A January 5 Washington Post article reported that Miers' resignation was part of a plan to create a more confrontational legal team at the White House. The Post reported that Bush accepted Miers' resignation "as [Bush] remakes his legal team to prepare for what aides expect to be a sustained struggle with a new Democratic Congress eager to investigate various aspects of his administration. ... Bush advisers inside and outside the White House concluded that she is not equipped for such a battle and that the president needs someone who can strongly defend his prerogatives." Similarly, on the January 4 edition of CNN's The Situation Room, CNN White House correspondent Ed Henry reported that, in addition to the public reason given for Miers' resignation, Henry was "told by other officials privately that there is another big reason for her to leave, and that's because she's mild-mannered and the White House now is looking for a very aggressive White House counsel."
As the Associated Press noted in a January 5 article, one of the tasks of the White House counsel is "to vet potential nominees for openings on the federal bench -- and the Supreme Court." In a May 4, 1985, article in The Nation, Sheldon Goldman, a political science professor at the University of Massachusetts-Amherst, noted the Reagan administration's " 'absolutely extraordinary commitment and diligence' to insure that only pure conservatives are named" to federal courts. At the time, Fielding was both White House counsel and head of the White House's Federal Judicial Selection Committee. The article also noted that Fielding admitted "that the White House screening committee asks all prospective nominees to state their view of Roe v. Wade, the 1973 decision on abortion" in order to "determine the candidate's attitude toward 'judicial restraint.' " Similarly, an excerpt from an article by University of Virginia professor David M. O'Brien in the book The Reagan Presidency: Pragmatic Conservatism and Its Legacies (University Press of Kansas, October 2003) noted that disavowals by Fielding and then-Attorney General Edwin Meese of conducting a "litmus test" of prospective judges on their conservative views:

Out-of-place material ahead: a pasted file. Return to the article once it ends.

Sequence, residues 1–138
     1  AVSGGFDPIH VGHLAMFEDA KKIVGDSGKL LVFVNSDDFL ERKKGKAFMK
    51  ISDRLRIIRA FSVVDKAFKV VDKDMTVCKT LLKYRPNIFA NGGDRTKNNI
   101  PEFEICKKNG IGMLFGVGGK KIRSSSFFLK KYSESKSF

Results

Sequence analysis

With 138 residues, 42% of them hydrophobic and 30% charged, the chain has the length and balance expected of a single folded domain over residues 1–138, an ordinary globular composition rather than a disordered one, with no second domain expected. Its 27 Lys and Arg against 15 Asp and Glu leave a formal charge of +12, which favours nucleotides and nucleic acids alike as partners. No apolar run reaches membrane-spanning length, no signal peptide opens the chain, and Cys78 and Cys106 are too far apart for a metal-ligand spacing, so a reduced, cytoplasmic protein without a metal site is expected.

[Fielding and Meese] satisfied few critics and troubled moderate Republican senators. Indeed, it was the latter who had the toughest time with Reagan's Judicial Selection Committee. And that, perhaps, is one of the best measures of the extent to which the administration placed its own ideological and legal-policy goals above partisan patronage, and at times even above the professional qualifications of potential judicial nominees.